Introduction – GDPR
You would think the start of 2018 has seen the legal recruitment industry wake up and pay significant attention to the General Data Protection Regulation, or GDPR. Well sort of. Route1 met with a number of leading legal recruitment firms over the past few months and there are three responses to what could be an existential threat to how legal recruitment is undertaken from May 2018:
– the first is “we acknowledge it’s a major compliance issue and are looking at a solution”;
– the second is “we are receiving conflicting legal advice and until we see someone getting fined or censured in the legal recruitment industry we are maintaining a watching brief”; and
– the third is “what’s GDPR?”
At Route1, we built a GDPR compliant solution back in 2016 that was, from the very beginning, “compliant by design” because our business model puts the interests of the candidates – the data subjects – first. Their data, their future, their control.
In the next few weeks, recruiters will be deluging candidates with requests for consent to hold data on them. Candidates will never have heard of many of them, are unlikely in this scenario to consent, as recruiters are forced to purge their non-compliant databases full of historic and incorrect data and try to start rebuilding them in a compliant manner. And in addition to rebuilding their databases, recruiters are facing significant challenges under the GDPR at each stage of the hiring process.
The Challenges Facing Traditional Recruiters
Traditional agency and search recruiters in the post GDPR world face a number of significant challenges to their business model, both in their sourcing and management of candidates and their data, and initiation and execution of candidate/employer interactions:
1. Candidate sourcing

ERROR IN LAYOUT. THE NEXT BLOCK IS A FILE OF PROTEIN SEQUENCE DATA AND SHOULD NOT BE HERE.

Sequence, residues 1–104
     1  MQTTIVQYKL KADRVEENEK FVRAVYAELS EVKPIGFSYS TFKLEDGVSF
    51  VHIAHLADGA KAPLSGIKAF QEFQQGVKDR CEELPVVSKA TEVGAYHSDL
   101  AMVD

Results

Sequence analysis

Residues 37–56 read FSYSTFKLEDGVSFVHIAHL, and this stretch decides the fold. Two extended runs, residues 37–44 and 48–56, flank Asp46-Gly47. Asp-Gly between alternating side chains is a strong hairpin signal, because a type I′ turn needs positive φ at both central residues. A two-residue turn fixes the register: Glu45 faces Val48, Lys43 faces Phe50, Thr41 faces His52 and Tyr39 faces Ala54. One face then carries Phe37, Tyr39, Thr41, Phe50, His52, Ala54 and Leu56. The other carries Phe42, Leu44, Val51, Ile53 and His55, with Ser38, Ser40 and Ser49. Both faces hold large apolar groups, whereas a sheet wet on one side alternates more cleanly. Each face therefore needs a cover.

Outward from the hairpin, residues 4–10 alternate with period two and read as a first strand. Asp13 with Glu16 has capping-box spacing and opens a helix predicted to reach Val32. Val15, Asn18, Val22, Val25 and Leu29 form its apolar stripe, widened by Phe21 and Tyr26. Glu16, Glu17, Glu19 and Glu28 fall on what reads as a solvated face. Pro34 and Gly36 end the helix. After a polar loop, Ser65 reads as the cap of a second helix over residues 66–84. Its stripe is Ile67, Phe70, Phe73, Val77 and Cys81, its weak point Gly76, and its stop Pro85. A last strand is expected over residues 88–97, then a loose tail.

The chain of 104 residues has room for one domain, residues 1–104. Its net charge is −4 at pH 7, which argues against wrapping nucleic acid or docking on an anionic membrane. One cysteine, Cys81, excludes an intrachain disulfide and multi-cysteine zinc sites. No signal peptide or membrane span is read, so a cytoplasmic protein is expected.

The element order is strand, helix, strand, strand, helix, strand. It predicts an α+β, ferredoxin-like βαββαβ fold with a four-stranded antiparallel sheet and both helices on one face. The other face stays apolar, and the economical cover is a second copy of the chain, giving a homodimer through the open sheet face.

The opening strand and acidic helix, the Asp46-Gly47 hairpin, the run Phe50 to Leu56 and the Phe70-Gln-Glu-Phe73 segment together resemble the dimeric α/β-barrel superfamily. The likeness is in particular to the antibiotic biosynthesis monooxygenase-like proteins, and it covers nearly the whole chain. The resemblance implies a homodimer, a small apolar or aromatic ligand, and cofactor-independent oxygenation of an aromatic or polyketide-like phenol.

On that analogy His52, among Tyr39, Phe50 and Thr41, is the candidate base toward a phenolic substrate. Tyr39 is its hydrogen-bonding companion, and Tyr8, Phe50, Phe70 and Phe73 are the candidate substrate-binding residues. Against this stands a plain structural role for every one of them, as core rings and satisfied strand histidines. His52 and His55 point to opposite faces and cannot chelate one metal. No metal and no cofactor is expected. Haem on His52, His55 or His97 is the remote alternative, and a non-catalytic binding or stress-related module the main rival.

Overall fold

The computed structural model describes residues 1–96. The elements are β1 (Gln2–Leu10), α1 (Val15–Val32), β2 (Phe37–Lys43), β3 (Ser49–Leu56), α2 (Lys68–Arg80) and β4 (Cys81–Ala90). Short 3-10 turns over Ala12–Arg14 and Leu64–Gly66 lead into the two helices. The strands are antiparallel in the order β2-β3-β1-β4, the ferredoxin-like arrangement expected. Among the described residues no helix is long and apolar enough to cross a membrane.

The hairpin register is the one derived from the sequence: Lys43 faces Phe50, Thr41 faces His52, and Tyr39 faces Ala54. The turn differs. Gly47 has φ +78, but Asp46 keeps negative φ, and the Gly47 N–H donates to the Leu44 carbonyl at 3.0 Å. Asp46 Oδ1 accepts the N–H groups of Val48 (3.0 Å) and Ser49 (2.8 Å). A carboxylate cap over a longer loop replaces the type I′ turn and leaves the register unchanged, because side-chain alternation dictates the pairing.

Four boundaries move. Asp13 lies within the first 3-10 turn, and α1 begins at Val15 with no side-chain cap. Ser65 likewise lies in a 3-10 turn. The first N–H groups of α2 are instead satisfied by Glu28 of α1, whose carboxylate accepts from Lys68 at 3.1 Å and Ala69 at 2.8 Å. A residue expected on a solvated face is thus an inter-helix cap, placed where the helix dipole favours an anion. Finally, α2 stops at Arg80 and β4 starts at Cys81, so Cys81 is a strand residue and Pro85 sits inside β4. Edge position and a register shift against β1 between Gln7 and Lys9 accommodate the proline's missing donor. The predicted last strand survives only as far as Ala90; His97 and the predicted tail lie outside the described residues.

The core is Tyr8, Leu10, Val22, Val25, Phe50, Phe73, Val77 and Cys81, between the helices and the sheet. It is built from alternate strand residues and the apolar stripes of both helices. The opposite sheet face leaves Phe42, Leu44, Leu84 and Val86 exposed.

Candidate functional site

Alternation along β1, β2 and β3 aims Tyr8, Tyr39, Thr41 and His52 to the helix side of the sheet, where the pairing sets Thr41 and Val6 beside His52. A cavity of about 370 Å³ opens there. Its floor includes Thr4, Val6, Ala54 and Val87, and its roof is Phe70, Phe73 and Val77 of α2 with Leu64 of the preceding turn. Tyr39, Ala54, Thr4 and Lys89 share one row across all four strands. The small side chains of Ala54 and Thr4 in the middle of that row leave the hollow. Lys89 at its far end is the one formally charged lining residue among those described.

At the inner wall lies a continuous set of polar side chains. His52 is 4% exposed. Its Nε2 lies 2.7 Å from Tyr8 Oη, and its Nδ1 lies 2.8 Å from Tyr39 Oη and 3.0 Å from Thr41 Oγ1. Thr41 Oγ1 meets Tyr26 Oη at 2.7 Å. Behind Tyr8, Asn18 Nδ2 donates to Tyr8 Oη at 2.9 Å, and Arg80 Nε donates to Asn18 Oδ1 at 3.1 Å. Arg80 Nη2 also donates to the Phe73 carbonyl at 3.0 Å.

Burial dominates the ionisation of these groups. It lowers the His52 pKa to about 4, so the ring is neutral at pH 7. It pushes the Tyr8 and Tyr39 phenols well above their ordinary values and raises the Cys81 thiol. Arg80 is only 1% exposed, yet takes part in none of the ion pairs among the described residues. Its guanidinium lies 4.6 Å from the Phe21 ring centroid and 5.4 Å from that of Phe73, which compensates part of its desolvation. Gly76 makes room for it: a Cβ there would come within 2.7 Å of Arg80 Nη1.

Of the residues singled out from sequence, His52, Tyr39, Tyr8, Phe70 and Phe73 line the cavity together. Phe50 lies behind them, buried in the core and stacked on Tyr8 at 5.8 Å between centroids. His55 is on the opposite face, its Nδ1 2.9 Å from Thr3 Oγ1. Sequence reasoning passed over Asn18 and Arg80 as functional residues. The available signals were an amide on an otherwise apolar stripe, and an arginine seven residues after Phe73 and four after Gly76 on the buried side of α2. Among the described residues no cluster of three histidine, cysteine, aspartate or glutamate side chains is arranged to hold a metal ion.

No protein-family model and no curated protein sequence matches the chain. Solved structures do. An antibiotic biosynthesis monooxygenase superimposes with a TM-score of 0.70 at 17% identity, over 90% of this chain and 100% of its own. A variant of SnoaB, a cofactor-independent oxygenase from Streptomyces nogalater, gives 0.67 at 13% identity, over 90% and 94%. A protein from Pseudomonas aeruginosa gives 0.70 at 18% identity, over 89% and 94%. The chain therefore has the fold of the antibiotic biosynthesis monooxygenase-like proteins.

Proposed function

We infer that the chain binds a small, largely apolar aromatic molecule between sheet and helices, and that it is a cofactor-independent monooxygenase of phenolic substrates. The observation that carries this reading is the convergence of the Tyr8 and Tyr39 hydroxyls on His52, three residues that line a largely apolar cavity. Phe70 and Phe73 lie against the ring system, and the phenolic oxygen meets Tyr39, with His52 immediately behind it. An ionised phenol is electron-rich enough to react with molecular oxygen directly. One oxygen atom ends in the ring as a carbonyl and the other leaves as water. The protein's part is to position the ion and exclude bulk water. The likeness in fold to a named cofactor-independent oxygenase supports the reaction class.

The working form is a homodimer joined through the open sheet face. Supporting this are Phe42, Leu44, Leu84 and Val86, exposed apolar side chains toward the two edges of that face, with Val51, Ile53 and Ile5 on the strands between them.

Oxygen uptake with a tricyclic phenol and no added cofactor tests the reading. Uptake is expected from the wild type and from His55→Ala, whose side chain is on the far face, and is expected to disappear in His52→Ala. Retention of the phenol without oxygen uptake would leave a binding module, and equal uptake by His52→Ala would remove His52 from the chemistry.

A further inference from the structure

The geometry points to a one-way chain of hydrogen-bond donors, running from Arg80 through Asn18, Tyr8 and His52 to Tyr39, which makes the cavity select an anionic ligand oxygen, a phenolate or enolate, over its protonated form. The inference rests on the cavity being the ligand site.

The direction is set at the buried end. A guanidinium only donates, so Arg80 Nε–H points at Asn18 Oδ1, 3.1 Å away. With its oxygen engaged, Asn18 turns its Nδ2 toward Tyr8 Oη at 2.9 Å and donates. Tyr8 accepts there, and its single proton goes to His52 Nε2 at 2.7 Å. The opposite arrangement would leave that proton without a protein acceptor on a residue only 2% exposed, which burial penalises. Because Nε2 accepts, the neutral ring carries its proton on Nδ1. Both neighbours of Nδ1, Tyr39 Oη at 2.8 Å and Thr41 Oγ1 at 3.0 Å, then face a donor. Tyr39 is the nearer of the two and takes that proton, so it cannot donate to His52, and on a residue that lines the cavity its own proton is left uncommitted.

From May, when a recruiter sources a candidate, it must ensure a candidate’s personal data was obtained in a context where that candidate has provided reasonable evidence of expecting to be contacted. This “legitimate interest” test requires a recruiter to establish and be able to demonstrate sufficient interest on the part of a candidate in order to support his or her solicitation. Having a profile on LinkedIn is not, as some recruiters would like to believe, enough to establish “legitimate interest” for an unsolicited hiring approach. It might be enough if the candidate has elected to designate that he or she is looking for a role on LinkedIn, but how many lawyers use this method of opening themselves up to cold calls?
|When registering for Route1, our candidates demonstrate their desire to source matches with all relevant jobs in their sector that we post on the platform. Sourcing for Route1 is inherently compliant as the candidate always takes the active step of signing up to the platform and setting his or her filters.|
2. Storing candidate data
If candidate data has been obtained legitimately, under the GDPR recruiters must now have a proper system to record consents for the basis of processing it and ensuring use of it is consistent with such consent. They must also follow GDPR rules on data minimization, right to erasure, and monitoring consent.
|At Route1, consent to store data is given directly by the candidate, and we do not add anything to a Route1 candidate profile. Route1 candidates are always in control of their data, including the ability to amend or erase it; and candidates are only asked for additional information at point of application for a job.|
3. Contacting candidates for opt-in
Prior to the implementation of the GDPR in May, recruiters will have to contact every candidate on their existing databases to ensure opt-in consent is taken and avoid unsolicited or illegal communication with them. In marketing parlance this will need to be a “double opt-in”. To quote the marketing manual: “as long as you provide value, your list will not mind reaffirming their consent with you”. The spring of 2018 may well be a bonanza for prize draws with hampers or vouchers in order to try and obtain their re-affirmation and consent. And they should expect multiple offers too – because multiple recruiters cover the same candidates. If they’re cynical they should shop around, and if they’re inquisitive from May they will be able to request a subject access request to data held on them by a recruiter for free. And if they’re smart they will have already signed up to Route1…
|Route1 does not need to contact candidates for opt in because our terms and business model place “evergreen” data control with candidates. A Route1 candidate will only ever be contacted about an opportunity for which they have actively put themselves forward. They will, in effect, never have to take another cold call. And for the data regulator, explicit consent by a candidate – i.e. clear affirmative action by a data subject – will always outweigh tenuous legitimate interest arguments by an intermediary.|
4. Keeping a candidate’s data relevant